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Border tensions may force PCB to cancel Aussie tour

Published: Sunday, May 26, 2002, 23:53 [IST]
 
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Karachi: Mounting border tensions between India and Pakistan may force Pakistan to cancel Australia's Test and One-day series in August, the Pakistan Cricket Board (PCB) said on Sunday.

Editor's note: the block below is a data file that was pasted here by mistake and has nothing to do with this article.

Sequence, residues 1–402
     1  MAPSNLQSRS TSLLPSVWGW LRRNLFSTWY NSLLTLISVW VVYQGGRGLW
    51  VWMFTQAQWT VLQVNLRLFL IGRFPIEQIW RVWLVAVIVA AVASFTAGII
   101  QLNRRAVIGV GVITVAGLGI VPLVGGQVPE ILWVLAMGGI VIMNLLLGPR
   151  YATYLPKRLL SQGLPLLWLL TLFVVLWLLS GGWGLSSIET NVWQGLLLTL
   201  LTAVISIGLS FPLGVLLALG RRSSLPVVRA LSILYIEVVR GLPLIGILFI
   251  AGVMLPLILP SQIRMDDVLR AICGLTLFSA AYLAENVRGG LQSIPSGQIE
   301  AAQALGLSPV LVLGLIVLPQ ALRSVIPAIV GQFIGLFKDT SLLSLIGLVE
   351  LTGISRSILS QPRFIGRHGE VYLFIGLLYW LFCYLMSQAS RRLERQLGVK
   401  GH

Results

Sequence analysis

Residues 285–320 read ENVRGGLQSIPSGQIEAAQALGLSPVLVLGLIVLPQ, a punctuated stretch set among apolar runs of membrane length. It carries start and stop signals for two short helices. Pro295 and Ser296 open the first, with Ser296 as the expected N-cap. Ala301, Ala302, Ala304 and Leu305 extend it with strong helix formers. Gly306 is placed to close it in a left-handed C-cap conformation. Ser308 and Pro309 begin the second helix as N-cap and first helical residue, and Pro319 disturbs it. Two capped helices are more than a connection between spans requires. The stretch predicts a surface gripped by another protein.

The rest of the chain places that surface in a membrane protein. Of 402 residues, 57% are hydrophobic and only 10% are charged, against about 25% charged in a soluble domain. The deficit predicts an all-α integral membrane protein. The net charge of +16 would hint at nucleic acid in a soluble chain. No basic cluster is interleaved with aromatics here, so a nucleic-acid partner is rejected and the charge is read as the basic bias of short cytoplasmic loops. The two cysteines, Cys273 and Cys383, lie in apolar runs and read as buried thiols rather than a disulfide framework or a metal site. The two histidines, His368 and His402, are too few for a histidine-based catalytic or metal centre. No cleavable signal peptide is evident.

"If the situation at the border persists we would not host Australia, but it's still early to say anything," PCB chairman Lieutenant General Tauqir Zia said. "We are confident that the tension would ease but if the current crisis prolongs then the PCB would not like to risk the security of our guests," he added. "(But) the PCB is confident that tension will ease and we still have two months to go, and if the situation is normalised then we are committed to hosting cricket." Pakistan is scheduled to host Australia and New Zealand for a One-day tri-series in August and then Australia for a three-match Test series. Both tours have been thrown into doubt by the mounting fear of war between the nuclear-capable rivals, as well as a suicide bomb blast in Karachi on May 8 that killed 14 people including 11 French nationals. The blast outside a hotel where the Pakistan and New Zealand teams were staying forced the Kiwis to cut short their tour and fly home. The United States and Britain have recalled all non-essential diplomatic staff in Pakistan and cautioned their citizens living and working here to observe stringent safety measures. The Australian Cricket Board (ACB) has raised concerns over the two upcoming tours to Pakistan and hinted at an alternative proposal to play at neutral venues like Sharjah or Morocco. A handful of Australia's Test stars said two weeks ago they would refuse to tour Pakistan even if the ACB decided it was safe to go. Captain Steve Waugh and star bowlers Glenn McGrath and Shane Warne said they believed it was too dangerous to tour. Warne said the ACB had made the right decisions in the past in cancelling the recent tour of Zimbabwe and forfeiting a 1996 World Cup match in Colombo because of Sri Lanka's civil war against the Tamil Tigers. ACB chief executive James Sutherland has said the ACB would closely monitor the situation in Pakistan. He could not be contacted for comment on Sunday.

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